What to consider before expanding your business out of state

By Anica Oaks

There are many advantages to expanding your business to other states. It increases your customer base, and it gives your brand greater authority as a national brand rather than a local mom-and-pop shop. However, when you move across borders, you have to be certain that it’s the right time to do so. Also, there are legal details and regulations that you have to be aware of. Here are some things to consider before you take this leap.

Is this move right for your business?

If your business model is working great with 30 employees, it doesn’t necessarily mean it will work with 300 or even 3,000. Have you done your homework about how your brand, products and infrastructure will function as it scales up? Are you ready to handle greater operating costs? Do you have a team that can handle this increase in business operations? Will you or someone you trust be able and accessible for training out-of-state employees on a regular basis? If your brand has charm as a local shop, make sure it is viable as a national brand as well. If necessary, rebrand the business to fit a wider market.

Can you trust your out-of-state managers?

If your business expands across a large geographical area, you can’t be at every location in person. The issue of trust becomes much more important when someone else is running warehouses, plants, stores, or even offices. Make sure your partners or managers share your vision and are willing to adhere to your guidelines when you’re not around. If a lot of locations are opening in other states, you might need to establish a division of your company that handles out-of-state operations. Few things are worse for a business (and its employees) than inconsistent operations.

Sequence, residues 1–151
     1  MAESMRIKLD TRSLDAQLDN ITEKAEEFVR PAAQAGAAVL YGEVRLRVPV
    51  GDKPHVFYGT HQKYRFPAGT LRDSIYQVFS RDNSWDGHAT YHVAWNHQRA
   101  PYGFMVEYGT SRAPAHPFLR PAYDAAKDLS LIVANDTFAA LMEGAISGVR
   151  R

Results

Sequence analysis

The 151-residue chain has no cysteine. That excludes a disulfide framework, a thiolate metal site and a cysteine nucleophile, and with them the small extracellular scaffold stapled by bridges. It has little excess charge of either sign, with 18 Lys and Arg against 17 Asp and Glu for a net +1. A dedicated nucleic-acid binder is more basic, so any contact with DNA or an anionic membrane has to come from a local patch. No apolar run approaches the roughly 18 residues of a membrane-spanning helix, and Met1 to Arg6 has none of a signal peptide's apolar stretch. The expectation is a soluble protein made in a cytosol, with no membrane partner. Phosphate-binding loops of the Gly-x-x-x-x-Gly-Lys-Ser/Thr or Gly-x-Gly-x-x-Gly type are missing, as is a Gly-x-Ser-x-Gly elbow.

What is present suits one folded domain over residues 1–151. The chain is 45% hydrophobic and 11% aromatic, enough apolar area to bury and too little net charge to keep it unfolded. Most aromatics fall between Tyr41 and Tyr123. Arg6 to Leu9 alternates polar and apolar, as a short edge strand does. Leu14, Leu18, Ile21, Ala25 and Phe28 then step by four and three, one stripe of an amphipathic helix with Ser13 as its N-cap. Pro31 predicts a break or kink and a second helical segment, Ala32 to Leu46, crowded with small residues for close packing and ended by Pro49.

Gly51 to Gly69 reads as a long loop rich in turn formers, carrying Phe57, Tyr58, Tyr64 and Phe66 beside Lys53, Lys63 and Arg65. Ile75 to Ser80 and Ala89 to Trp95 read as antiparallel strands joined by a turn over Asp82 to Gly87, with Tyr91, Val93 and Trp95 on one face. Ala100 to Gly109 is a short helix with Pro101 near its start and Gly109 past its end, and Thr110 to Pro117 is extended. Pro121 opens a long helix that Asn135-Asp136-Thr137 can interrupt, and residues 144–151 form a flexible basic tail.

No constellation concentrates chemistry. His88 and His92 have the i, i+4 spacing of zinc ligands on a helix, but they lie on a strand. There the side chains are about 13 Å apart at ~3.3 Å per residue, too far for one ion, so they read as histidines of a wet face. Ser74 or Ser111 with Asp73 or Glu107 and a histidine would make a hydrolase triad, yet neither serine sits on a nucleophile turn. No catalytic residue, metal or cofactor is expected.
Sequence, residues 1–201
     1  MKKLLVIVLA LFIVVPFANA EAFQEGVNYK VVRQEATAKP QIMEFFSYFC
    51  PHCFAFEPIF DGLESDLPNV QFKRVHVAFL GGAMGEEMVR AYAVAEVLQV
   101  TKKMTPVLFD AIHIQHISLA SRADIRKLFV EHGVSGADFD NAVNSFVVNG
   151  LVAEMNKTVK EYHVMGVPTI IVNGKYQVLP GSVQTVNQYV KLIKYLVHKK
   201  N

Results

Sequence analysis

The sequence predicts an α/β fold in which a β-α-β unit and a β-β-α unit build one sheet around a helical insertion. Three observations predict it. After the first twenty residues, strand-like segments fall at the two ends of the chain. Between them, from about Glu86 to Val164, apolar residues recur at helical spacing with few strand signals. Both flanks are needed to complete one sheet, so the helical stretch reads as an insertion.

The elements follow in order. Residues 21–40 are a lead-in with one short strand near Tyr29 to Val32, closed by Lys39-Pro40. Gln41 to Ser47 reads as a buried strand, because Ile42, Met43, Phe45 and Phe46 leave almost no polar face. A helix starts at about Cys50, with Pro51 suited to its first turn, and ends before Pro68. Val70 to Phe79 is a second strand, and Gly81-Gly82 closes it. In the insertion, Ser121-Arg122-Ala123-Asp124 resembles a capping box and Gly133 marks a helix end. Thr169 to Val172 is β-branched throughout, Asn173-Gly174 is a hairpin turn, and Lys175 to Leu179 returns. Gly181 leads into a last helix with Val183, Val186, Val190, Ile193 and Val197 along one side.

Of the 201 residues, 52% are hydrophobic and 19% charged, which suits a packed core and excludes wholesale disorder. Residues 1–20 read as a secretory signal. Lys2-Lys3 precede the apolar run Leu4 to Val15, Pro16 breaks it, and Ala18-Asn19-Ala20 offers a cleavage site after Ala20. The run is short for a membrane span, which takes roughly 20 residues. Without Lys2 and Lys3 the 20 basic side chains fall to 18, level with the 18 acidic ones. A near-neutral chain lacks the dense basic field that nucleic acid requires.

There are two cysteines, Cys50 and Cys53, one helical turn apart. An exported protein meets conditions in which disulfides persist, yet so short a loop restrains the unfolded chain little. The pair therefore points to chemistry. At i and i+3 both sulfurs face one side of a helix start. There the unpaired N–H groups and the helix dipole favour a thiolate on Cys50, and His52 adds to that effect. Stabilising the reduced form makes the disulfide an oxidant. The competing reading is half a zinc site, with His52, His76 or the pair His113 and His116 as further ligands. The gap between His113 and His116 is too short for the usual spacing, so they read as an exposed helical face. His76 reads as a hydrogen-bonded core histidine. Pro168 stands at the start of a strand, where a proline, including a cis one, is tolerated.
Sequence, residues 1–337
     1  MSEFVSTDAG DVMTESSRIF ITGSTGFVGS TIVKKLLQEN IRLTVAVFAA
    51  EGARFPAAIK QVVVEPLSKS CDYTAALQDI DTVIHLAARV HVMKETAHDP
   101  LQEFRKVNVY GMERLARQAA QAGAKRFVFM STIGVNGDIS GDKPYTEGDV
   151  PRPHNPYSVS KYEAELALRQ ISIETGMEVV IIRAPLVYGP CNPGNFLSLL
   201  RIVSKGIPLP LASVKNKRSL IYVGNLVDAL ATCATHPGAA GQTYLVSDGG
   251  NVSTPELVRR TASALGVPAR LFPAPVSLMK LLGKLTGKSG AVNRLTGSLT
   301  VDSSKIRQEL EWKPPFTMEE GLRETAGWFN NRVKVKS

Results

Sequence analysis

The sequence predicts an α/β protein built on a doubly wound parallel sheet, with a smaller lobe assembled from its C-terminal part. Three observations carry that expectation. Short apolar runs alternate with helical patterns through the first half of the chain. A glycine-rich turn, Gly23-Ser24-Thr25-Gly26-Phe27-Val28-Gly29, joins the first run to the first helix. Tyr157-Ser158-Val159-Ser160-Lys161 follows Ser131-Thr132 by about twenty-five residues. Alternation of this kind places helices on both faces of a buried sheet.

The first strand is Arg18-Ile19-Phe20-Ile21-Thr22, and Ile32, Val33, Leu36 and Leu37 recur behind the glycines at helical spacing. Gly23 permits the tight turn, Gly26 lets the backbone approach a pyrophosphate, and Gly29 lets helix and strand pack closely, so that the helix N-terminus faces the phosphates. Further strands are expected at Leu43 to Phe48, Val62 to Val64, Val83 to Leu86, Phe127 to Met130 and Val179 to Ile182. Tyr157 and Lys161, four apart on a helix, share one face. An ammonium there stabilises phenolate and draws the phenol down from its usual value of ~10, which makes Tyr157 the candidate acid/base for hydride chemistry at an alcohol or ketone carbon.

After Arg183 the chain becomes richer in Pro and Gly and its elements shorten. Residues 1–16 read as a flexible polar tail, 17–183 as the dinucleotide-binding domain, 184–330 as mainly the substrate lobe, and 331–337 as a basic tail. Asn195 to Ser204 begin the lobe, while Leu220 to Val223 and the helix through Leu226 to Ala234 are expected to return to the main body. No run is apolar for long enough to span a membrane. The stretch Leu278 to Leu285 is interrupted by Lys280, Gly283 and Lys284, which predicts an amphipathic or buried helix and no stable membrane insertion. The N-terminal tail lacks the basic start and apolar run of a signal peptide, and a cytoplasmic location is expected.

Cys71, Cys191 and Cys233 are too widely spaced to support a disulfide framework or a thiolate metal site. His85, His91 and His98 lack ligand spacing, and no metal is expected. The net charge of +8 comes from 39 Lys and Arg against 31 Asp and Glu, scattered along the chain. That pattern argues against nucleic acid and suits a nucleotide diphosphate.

Monitoring systems

There are a variety of technical solutions today that can help you monitor your multi-state enterprise. Software systems can keep track of logistics in real time, and they can report on sales, inventory and other vital factors the moment these things change. Whether you’re selling donuts or ute trays, this information is helpful for making decisions about product placement and strategies to scale up the business. Check this data regularly to ensure that the decisions you’re making are right for either the whole company or if you need to deviate for different branches of your business.

Is your business compliant with out-of-state regulations?

If your business provides service technicians that require licenses, make sure they meet the requirements in the new areas where they will be working. Certain products and services need to adhere to state laws that could be different from one state to another. Also, when your business goes to new states, you might need to change your corporate tax filing structure. It is best to have a business attorney who can handle some of these trickier issues and guidelines for you.

If your business is thriving so well that it feels right to expand across state borders, this can be a thrilling time in your life. Just make sure you’ve done all the research and taken all the necessary steps before you commit to this decision.


Anica Oaks is a professional content and copywriter who graduated from the University of San Francisco. She loves dogs, the ocean, and anything outdoor-related. You can connect with Anica on Twitter @AnicaOaks.

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